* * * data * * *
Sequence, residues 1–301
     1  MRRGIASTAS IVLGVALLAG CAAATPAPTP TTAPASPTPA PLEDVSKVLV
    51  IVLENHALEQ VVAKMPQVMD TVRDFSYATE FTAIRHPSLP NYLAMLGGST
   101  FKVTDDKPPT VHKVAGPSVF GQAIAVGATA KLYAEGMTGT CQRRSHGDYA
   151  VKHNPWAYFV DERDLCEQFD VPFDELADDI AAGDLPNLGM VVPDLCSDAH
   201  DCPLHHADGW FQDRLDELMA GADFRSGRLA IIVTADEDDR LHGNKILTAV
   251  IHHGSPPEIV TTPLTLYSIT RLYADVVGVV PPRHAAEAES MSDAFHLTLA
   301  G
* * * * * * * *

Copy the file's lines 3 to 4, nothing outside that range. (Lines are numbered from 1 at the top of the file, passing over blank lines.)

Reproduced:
    51  IVLENHALEQ VVAKMPQVMD TVRDFSYATE FTAIRHPSLP NYLAMLGGST
   101  FKVTDDKPPT VHKVAGPSVF GQAIAVGATA KLYAEGMTGT CQRRSHGDYA